Scotland, Drugs, Alcohol and Swearing, the four pillars of everything Irvine Welsh writes about. The man who is responsible for Trainspotting, one of the finest British films of the last two decades, has returned to form with this magnificent tale of debauchery, good, evil and psychosis.
Bruce Robertson (James McAvoy) is a Detective Sergeant in Edinburgh who is hell-bent on getting a promotion, winning his wife and daughter back and he doesn’t care who is sabotages or hurts in the process. However, his plans quickly begins to unravel as he exploits his closest friend, Clifford (Eddie Marsan), and his mental disorders and past haunt him driving deeper into madness and desperation.
I think I’ll start by saying this film is not for the faint-hearted. If you can’t stand an hour and a half of violence, swearing, drug taking, sex (often rather unconventional and/or possibly illegal) and a shed load of disturbing imagery then you should probably steer clear of this one. However, for those of you who think you can handle it there’s a lot here for you to enjoy.
McAvoy is excellent in what I would describe as the performance of his career. He somehow makes a character that we should probably despise for his downright evil nature vulnerable and almost sympathetic. The character of Bruce Robertson has been through so much it is difficult not to feel some empathy for him despite his actions. The filmmakers should also take some credit for not shying away from making the film extremely dark. It is a comedy still but not quite as funny as the marketing lead me to believe. There is an awful lot of disturbing and dark elements to the film that make it as much a study of mental health as it is a dark comedy.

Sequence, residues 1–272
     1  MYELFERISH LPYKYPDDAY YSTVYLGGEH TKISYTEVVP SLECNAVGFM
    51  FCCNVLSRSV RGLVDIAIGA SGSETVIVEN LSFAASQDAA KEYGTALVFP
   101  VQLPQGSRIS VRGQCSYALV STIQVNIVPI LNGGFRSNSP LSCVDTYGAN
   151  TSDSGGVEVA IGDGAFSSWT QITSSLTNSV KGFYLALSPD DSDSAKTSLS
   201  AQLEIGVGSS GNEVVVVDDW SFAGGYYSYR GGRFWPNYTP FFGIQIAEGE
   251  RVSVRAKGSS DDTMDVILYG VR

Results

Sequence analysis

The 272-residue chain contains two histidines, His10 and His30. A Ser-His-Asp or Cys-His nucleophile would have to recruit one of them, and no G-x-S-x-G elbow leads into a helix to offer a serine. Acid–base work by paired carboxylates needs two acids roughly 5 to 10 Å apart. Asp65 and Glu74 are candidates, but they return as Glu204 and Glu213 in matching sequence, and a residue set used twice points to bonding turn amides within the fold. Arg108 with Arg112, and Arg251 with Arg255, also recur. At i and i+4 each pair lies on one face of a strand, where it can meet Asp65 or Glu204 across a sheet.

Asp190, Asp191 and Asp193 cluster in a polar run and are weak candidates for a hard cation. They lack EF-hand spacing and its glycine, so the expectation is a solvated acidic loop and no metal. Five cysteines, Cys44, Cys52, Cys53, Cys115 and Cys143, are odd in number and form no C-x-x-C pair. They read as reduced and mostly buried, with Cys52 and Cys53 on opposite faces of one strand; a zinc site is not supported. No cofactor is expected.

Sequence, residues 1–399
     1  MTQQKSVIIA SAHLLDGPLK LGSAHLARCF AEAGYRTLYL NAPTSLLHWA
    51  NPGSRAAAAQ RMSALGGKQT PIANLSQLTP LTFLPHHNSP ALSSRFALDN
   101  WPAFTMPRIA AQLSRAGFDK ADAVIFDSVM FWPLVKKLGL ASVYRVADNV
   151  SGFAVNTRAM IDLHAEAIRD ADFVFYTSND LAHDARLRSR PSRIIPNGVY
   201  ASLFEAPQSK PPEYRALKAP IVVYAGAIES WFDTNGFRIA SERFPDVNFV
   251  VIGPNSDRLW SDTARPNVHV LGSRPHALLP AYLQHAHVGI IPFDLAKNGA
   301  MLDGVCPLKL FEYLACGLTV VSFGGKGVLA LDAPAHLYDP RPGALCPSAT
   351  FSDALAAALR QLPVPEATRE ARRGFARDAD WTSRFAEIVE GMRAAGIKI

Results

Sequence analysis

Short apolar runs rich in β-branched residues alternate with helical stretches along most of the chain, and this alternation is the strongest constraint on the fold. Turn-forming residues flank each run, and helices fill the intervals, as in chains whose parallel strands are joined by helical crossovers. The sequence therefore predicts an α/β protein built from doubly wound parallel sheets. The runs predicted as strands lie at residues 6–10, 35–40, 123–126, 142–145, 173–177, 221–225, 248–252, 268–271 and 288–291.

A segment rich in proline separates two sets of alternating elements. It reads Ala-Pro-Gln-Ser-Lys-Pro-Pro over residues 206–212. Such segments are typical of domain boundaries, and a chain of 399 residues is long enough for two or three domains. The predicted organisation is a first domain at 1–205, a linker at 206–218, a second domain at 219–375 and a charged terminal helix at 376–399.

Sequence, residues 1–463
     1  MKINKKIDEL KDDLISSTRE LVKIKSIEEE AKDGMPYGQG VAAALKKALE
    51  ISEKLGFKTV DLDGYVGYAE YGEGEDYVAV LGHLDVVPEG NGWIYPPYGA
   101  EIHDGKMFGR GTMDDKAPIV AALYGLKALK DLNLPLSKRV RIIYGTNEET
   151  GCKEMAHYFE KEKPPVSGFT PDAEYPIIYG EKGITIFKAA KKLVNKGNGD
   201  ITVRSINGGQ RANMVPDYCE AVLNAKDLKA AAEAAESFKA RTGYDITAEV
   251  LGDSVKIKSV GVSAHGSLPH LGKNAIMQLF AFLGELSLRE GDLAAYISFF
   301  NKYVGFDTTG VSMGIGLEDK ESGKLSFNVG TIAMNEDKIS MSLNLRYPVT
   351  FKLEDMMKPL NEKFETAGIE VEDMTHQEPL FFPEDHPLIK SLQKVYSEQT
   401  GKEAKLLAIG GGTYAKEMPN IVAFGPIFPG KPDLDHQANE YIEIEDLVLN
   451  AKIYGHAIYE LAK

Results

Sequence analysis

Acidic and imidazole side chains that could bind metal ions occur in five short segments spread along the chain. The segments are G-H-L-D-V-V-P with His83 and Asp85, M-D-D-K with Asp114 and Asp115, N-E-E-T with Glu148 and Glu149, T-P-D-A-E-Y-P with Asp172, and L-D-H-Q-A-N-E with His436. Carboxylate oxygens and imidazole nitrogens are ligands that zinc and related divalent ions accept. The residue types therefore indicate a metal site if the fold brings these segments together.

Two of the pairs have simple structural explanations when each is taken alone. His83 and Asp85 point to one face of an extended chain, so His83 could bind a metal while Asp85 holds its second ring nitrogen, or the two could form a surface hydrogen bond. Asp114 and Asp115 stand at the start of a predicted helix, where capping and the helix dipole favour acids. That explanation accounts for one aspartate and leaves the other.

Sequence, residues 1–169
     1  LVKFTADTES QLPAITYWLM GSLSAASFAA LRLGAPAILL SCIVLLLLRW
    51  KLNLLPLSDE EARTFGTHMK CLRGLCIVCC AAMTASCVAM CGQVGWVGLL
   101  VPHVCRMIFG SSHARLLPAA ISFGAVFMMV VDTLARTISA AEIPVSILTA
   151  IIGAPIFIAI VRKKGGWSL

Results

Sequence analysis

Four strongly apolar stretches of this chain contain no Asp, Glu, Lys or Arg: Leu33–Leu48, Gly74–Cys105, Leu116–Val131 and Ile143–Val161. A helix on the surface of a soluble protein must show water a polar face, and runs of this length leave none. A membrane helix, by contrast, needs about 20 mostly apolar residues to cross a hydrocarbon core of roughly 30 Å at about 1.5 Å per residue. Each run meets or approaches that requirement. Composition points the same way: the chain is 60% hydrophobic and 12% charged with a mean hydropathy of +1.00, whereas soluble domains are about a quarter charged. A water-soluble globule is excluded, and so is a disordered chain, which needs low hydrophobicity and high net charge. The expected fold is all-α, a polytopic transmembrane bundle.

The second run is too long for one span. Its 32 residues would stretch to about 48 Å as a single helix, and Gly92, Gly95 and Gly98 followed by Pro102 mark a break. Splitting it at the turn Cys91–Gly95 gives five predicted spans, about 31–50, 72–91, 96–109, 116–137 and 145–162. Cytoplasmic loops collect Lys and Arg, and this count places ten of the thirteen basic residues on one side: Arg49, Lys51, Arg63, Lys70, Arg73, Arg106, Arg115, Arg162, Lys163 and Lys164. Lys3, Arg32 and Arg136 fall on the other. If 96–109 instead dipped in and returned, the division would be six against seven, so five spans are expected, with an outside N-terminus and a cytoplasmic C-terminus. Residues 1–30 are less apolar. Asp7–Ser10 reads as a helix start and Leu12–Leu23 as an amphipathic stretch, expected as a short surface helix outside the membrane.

However, at times it did seem like they were trying to do a little too much in 90 minutes. Despite there being long periods of exposition or repetition that slowed the pace of the film everything still went rather frantically. I also believe that in this rush maybe the director Jon Baird and Welsh tried to deal with too many themes which were as wide-ranging as addiction to life and death. Although I praise their ambition I have to admit the execution was mainly lacking.
Despite, these weaknesses and shortcomings the film is absolutely carried by McAvoy who is on screen for virtually every frame of the film and was consistent throughout. Without him in the lead role the film probably would have fallen apart in my opinion because it seems like a very fragile piece which was only held together by a strong cast and their performances.
3.5 out of 5